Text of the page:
Let’s hone in on the various WOLED panels now. You can see at the top is the blue line from the matte AG panel. This is higher than the two glossy WOLED monitor options, the orange line from the Dough gorilla glass glossy panel and the pink line from the Asus natively glossy panel. In these tests the Dough was around 10% better than the matte AG panel. While the coating still has very good reflection handling, it doesn’t diffuse the light in the same way as the matte AG coating, and it’s that diffusion which causes the light to be “spread” across the panel and raises the black depth a bit.

We should note that we have observed some minor differences in black depth handling on the two samples of the Dough screen that we’ve had, one an early production sample and this one a final production sample. This is down to the small variations in the glass bonding process, bonding liquid thickness and bonding temperature. It still remains better than the matte AG coating at retaining black depth in the presence of ambient light sources, along with the other benefits already discussed around image clarity and quality.

The natively glossy WOLED panel on the Asus screen is a little better again, around 15% better than the matte AG coating. It does however show more noticeable reflections as discussed above. Both the Dough and Asus glossy WOLED panels are a bit better at retaining black depth than the matte AG coated panel, with less diffusion of the light across the panel, although it does come at the expense of more reflections.

glossy WOLED TV (behind) vs matte AG WOLED (front) in dark room conditions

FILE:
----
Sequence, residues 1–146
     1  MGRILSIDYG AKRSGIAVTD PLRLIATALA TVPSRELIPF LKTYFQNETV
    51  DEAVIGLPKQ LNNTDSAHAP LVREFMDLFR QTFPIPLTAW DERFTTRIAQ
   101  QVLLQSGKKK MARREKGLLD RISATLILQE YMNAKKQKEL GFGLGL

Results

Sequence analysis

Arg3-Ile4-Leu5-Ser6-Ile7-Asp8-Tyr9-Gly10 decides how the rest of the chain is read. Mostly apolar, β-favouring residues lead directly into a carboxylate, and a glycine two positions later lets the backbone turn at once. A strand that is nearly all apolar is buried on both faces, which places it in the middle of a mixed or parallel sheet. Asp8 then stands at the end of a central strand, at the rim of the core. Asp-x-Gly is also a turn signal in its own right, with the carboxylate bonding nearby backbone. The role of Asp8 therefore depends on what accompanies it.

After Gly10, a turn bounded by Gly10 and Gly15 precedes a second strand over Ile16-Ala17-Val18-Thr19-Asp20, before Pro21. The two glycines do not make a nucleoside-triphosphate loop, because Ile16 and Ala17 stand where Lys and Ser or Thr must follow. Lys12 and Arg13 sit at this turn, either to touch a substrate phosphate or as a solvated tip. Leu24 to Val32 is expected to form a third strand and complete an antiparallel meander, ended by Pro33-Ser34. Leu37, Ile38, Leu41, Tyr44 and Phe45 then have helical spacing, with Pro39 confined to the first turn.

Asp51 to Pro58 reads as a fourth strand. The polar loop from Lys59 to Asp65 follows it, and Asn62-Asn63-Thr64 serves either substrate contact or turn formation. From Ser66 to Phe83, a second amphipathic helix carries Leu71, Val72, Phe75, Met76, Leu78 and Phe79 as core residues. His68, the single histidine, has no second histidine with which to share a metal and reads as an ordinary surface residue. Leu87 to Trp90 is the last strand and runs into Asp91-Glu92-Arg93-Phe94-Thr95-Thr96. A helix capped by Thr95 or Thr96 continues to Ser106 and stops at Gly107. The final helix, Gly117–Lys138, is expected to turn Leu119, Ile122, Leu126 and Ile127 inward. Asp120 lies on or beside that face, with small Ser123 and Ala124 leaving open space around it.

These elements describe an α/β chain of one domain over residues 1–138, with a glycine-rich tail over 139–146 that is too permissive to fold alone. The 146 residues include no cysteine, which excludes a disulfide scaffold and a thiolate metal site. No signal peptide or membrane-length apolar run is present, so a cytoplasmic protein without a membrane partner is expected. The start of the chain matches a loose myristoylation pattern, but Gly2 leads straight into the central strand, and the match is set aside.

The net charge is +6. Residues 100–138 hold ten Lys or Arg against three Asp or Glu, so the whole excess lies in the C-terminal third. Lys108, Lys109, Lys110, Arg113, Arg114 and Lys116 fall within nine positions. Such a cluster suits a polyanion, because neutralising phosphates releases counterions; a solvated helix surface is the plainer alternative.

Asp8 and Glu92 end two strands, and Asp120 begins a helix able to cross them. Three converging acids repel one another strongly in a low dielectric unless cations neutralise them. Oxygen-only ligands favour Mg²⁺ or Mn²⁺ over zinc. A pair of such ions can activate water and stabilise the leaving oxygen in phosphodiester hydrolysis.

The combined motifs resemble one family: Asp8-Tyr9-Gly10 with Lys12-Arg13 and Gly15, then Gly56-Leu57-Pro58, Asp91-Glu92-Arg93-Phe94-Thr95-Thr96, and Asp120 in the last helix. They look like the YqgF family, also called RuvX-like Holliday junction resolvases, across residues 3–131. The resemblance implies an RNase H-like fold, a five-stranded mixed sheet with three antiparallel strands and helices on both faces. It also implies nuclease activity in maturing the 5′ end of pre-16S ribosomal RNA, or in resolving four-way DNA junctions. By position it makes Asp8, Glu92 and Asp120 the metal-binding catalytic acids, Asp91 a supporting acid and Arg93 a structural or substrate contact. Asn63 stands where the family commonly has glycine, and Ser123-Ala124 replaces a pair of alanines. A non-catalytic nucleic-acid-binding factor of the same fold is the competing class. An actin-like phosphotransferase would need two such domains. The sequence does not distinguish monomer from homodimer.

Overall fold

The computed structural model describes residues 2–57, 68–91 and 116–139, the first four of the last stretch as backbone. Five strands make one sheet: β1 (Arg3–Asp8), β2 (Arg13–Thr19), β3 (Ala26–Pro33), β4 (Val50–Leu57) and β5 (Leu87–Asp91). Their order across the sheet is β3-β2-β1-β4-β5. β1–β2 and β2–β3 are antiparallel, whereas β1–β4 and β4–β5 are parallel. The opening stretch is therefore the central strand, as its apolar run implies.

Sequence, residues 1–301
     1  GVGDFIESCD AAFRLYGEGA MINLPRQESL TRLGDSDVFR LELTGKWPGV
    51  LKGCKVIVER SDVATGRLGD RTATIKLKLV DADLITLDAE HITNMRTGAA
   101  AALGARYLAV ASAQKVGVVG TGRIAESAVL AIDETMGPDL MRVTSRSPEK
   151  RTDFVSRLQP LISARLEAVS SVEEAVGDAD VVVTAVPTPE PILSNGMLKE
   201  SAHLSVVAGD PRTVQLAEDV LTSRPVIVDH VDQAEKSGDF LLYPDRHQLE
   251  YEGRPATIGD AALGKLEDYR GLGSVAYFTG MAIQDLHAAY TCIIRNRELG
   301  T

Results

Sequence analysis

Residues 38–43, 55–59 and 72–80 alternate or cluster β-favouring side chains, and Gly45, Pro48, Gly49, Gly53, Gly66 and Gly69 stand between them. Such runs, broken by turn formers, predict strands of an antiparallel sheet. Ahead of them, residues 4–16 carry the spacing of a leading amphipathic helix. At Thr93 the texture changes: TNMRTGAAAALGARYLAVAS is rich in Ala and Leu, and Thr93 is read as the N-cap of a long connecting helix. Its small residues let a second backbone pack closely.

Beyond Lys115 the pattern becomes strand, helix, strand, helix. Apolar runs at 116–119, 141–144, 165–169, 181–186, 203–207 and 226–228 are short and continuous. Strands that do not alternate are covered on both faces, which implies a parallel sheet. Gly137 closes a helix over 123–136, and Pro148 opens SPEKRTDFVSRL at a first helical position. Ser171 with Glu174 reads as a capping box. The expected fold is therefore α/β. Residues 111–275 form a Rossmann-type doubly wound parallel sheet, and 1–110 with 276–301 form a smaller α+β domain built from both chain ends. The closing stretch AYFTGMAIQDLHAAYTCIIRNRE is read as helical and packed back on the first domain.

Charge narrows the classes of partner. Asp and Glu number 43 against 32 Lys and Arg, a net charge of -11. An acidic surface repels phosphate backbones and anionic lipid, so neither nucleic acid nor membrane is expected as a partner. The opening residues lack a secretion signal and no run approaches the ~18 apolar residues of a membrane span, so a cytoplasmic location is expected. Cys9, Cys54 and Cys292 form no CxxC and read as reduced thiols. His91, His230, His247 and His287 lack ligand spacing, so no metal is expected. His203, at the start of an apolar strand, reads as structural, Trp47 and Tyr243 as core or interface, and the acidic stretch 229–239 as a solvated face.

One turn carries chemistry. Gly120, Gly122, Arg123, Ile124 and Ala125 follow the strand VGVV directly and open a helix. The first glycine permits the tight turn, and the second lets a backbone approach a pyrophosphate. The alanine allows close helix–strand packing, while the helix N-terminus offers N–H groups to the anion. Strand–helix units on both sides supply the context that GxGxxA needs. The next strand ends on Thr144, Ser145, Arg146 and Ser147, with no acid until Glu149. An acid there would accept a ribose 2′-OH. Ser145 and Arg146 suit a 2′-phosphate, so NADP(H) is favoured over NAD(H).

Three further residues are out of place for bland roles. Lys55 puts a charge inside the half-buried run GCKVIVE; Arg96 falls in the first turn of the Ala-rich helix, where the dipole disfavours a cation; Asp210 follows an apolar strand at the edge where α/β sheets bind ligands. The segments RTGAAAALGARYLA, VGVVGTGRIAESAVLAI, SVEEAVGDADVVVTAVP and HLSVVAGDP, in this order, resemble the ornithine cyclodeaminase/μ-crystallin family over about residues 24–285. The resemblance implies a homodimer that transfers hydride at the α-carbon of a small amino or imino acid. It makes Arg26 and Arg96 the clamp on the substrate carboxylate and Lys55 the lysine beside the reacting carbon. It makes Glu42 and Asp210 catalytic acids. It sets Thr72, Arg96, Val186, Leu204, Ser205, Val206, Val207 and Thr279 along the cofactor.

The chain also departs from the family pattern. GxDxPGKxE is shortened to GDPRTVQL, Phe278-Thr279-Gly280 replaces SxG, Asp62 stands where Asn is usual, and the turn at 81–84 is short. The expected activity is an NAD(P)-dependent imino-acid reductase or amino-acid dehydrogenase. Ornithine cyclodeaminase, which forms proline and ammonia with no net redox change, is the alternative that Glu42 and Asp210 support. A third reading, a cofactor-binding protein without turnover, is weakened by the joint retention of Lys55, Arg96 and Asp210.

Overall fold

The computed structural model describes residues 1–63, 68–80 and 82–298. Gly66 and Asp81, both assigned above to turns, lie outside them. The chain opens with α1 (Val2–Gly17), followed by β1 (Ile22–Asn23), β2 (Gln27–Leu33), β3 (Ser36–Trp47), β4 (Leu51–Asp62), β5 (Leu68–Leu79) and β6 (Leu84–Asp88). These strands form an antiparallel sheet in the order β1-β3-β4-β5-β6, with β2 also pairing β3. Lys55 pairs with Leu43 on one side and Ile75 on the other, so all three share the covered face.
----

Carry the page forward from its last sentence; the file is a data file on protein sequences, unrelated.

glossy WOLED TV (behind) vs matte AG WOLED (front) in bright room conditions

The glossy WOLED TV continues to offer much stronger performance, being around 3.5x better than the matte AG coating, and around 2.9x better than the Asus glossy native panel. While LG.Display are producing the natively glossy panel for the TV, and for the Asus monitor, there are clearly differences in their viewing characteristics. We’ve already talked about the image clarity and reflection handling which are both slightly different, but the glossy TV hangs on to its black depth far better still than the Asus monitor panel. This is likely down to a number of factors including the panel structure and MLA (Micro Lens Array) stack.

Black depth retention ranking (best to worst)
1Glossy WOLED TV
2Native glossy WOLED monitor
3Gorilla glass glossy WOLED monitor
4Matte AG coated WOLED monitor
5Semi-glossy QD-OLED monitor

Summary – Which coating is best for you?

There is no “best” overall screen coating, it’s a very subjective preference and as you’ve seen from the above comparisons and testing, they all seem to have their strengths and weaknesses; their pros and cons. Your viewing environment, ambient light levels, lighting positioning and individual preferences will dictated which is going to be best for you.